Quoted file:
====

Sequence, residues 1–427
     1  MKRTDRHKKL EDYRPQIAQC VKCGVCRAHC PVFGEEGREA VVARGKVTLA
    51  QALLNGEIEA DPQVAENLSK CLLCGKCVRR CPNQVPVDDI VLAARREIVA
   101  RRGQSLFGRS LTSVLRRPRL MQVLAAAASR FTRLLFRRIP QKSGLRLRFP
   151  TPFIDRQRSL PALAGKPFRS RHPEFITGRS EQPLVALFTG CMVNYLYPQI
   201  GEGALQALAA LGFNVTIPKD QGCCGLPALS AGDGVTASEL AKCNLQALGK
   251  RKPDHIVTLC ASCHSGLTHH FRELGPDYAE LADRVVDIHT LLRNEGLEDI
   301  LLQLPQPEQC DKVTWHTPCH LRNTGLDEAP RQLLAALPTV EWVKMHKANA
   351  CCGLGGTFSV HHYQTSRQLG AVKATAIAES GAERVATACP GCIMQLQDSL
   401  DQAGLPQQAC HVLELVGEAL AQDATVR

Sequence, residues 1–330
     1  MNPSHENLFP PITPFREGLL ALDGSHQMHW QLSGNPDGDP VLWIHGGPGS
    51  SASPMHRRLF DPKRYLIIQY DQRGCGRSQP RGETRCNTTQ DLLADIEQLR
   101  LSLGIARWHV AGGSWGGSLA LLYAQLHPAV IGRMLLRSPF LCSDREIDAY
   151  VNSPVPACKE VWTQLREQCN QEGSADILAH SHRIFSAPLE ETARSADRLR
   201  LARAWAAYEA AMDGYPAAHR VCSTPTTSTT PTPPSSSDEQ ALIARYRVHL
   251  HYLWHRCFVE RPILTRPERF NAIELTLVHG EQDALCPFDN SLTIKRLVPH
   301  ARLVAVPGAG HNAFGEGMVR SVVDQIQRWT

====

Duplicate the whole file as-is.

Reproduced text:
Sequence, residues 1–427
     1  MKRTDRHKKL EDYRPQIAQC VKCGVCRAHC PVFGEEGREA VVARGKVTLA
    51  QALLNGEIEA DPQVAENLSK CLLCGKCVRR CPNQVPVDDI VLAARREIVA
   101  RRGQSLFGRS LTSVLRRPRL MQVLAAAASR FTRLLFRRIP QKSGLRLRFP
   151  TPFIDRQRSL PALAGKPFRS RHPEFITGRS EQPLVALFTG CMVNYLYPQI
   201  GEGALQALAA LGFNVTIPKD QGCCGLPALS AGDGVTASEL AKCNLQALGK
   251  RKPDHIVTLC ASCHSGLTHH FRELGPDYAE LADRVVDIHT LLRNEGLEDI
   301  LLQLPQPEQC DKVTWHTPCH LRNTGLDEAP RQLLAALPTV EWVKMHKANA
   351  CCGLGGTFSV HHYQTSRQLG AVKATAIAES GAERVATACP GCIMQLQDSL
   401  DQAGLPQQAC HVLELVGEAL AQDATVR

Sequence, residues 1–330
     1  MNPSHENLFP PITPFREGLL ALDGSHQMHW QLSGNPDGDP VLWIHGGPGS
    51  SASPMHRRLF DPKRYLIIQY DQRGCGRSQP RGETRCNTTQ DLLADIEQLR
   101  LSLGIARWHV AGGSWGGSLA LLYAQLHPAV IGRMLLRSPF LCSDREIDAY
   151  VNSPVPACKE VWTQLREQCN QEGSADILAH SHRIFSAPLE ETARSADRLR
   201  LARAWAAYEA AMDGYPAAHR VCSTPTTSTT PTPPSSSDEQ ALIARYRVHL
   251  HYLWHRCFVE RPILTRPERF NAIELTLVHG EQDALCPFDN SLTIKRLVPH
   301  ARLVAVPGAG HNAFGEGMVR SVVDQIQRWT